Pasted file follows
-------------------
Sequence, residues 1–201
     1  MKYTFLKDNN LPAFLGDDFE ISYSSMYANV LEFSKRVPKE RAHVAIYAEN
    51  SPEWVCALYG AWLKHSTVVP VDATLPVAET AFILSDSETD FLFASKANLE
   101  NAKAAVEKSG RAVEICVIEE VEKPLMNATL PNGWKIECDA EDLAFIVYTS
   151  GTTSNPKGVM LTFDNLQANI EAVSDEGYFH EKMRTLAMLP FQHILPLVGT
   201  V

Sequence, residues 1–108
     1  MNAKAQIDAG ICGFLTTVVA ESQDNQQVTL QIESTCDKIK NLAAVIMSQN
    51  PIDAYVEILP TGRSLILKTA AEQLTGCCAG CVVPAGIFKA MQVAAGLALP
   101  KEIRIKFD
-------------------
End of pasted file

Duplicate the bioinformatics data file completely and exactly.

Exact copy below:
Sequence, residues 1–201
     1  MKYTFLKDNN LPAFLGDDFE ISYSSMYANV LEFSKRVPKE RAHVAIYAEN
    51  SPEWVCALYG AWLKHSTVVP VDATLPVAET AFILSDSETD FLFASKANLE
   101  NAKAAVEKSG RAVEICVIEE VEKPLMNATL PNGWKIECDA EDLAFIVYTS
   151  GTTSNPKGVM LTFDNLQANI EAVSDEGYFH EKMRTLAMLP FQHILPLVGT
   201  V

Sequence, residues 1–108
     1  MNAKAQIDAG ICGFLTTVVA ESQDNQQVTL QIESTCDKIK NLAAVIMSQN
    51  PIDAYVEILP TGRSLILKTA AEQLTGCCAG CVVPAGIFKA MQVAAGLALP
   101  KEIRIKFD